In my tent I can hear a cow mooing to the west, cars humming faintly to the east, and a wood thrush gurgling its enchanting melody in the canopy above. Two people I’ve never met before are sleeping in hammocks at this campsite, but they’ll probably be gone by morning. This is a normal Tuesday night for anyone hiking the Appalachian Trail (or “AT”).
There are a lot of books, blogs, documentaries, and movies you can read and watch about the AT and other backpacking trails. Indeed, the very idea of the AT inspires thousands to “thru-hike,” or walk the entire 2,190 miles between Springer Mountain in Georgia and Mount Katahdin in Maine each year. However, millions (yes, really) of hikers walk shorter sections of the AT for days or weeks at a time.
Fig. 1 Me on the right, hiking the Massachusetts section of the Appalachian Trail with my aunt, girlfriend, and father, for a week this past summer (photo credit: EKuras).
What inspires me about the AT is the idea of walking from one place to another. It sounds simple, but in America and many parts of the world, the landscape is not well suited for walking. Highways, fences, private homes, farms, and rivers without bridges prevent most people who’d want to walk from easily being able to. Yet while this diversity of land use makes it hard to walk from here to there, it also creates unique transitions between places.
If you have ever walked to the grocery store, you’ll inevitably walk from an area zoned for residential use to a commercially zoned or mixed-use area. Houses will end, stores will begin, and a sidewalk may even appear at some point. Although you can watch such transitions happen from a car or bus window, there is a certain magic about walking through these changes. I especially enjoy standing at the exact in-between place, where the sidewalk begins or where you can hear cars and cows at the same time.
Early in my ecology education, I learned that everything is in transition. As trees grow, logs decay, and rocks erode, everything and everywhere is slowly changing. Similarly, as you walk across the landscape, some aspect of the environment is always changing, be it noise from the highway, sunlight, or soil acidity . Transitions between places with very distinct characteristics are called ecotones, and within them you can find the most diverse mix of communities. For animals that move easily and are open-minded when it comes to food, ecotones present a two-for-one bargain. For example, in an ecotone between a shaded forest glen and a sunny pasture, a fox can eat berries and hunt for mice, respectively . Similarly, a human can take an epic panorama photo.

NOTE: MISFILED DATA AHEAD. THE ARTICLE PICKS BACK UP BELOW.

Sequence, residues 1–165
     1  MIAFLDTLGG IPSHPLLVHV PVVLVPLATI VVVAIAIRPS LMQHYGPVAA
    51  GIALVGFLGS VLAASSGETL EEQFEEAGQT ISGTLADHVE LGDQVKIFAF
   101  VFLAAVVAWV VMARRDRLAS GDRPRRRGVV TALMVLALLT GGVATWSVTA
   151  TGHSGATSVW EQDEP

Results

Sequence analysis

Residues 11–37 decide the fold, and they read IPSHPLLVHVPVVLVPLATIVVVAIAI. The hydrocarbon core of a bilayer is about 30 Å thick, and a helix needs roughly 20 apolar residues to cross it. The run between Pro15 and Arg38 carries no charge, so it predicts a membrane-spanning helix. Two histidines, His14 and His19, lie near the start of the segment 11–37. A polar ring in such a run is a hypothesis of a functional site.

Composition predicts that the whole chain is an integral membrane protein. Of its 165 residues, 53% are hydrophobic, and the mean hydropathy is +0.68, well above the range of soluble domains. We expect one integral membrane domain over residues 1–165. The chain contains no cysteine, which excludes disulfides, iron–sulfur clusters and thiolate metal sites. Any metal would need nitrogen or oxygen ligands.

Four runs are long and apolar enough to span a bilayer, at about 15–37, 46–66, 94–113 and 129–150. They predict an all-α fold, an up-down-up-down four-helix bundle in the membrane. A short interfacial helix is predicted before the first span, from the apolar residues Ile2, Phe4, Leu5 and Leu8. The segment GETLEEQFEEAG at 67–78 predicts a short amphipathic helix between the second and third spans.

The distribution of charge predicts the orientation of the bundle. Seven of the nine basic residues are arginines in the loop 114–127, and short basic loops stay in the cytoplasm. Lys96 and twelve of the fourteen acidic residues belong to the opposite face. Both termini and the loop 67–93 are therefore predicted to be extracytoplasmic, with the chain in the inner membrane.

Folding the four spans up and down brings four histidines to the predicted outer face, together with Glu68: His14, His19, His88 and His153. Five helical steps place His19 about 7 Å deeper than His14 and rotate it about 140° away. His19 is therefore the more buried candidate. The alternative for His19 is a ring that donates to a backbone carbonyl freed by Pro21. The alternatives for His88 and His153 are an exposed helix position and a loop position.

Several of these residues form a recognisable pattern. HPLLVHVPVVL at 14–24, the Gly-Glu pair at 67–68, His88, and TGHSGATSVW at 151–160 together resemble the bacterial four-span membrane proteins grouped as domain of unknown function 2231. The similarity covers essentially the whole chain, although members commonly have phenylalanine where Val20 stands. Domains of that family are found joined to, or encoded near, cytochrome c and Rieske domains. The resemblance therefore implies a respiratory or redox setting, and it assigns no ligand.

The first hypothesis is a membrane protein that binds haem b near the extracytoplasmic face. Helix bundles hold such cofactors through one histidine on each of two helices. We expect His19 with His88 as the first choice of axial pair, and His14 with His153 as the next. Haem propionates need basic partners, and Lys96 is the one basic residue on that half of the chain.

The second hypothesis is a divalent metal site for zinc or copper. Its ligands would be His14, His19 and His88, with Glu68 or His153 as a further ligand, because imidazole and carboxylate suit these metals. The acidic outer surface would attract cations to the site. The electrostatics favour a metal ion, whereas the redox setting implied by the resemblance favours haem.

Fig. 2 A rapid transition between a shady forest and sunny field along the Appalachian Trail near Tyringham, MA (photo credit: EKuras).
The AT takes you through countless ecotones. Some ecotones occur quickly along changes in elevation; red maple groves transition to oaks and hemlocks, then mountain laurels and shrubby pines. These can be challenging to notice, especially if you are huffing and puffing uphill and trying not to trip! Other ecotones are more dramatic and intriguing, occurring at any of the boundaries between forests, farm fields, tiny villages, power lines, suburban lawns, and interstate highways.
I don’t know what it is about in-between places that I find so enchanting, but I imagine the reasoning is the same for eating bacon tuna melts (pig + fish + cheese) and traveling to the Four Corners.
Fig. 3 The intersection of Utah, Colorado, Arizona, and New Mexico. (photo credit: Four Corners Marker by Phil Konstantin via Flickr)
Perhaps walking through transitions inspires you to better appreciate difference and similarity between places, compelling you to push onward and discover what lies ahead. Next chance you get, I encourage you to walk to the grocery store and look for these transitions. Then, start taking longer and longer walks. Eventually, you may even walk the entire AT!
Fig. 4 This sign makes it look so easy… (photo credit: EKuras)
 Munroe JS. 2012. Physical, Chemical, and Thermal Properties of Soils across a Forest-Meadow Ecotone in the Uinta Mountains, Northeastern Utah, U.S.A. Arctic, Antarctic, and Alpine Research 44(1):95-106. doi: http://dx.doi.org/10.1657/1938-4246-44.1.95 http://www.bioone.org/doi/abs/10.1657/1938-4246-44.1.95
 Chalfoun AD, Thompson III FR, Ratnaswamy MJ. 2002. Nest Predators and Fragmentation: a Review and Meta-Analysis. Conservation Biology 16(2):306–318. doi: http://dx.doi.org/10.1046/j.1523-1739.2002.00308.x http://onlinelibrary.wiley.com/doi/10.1046/j.1523-1739.2002.00308.x/abstract
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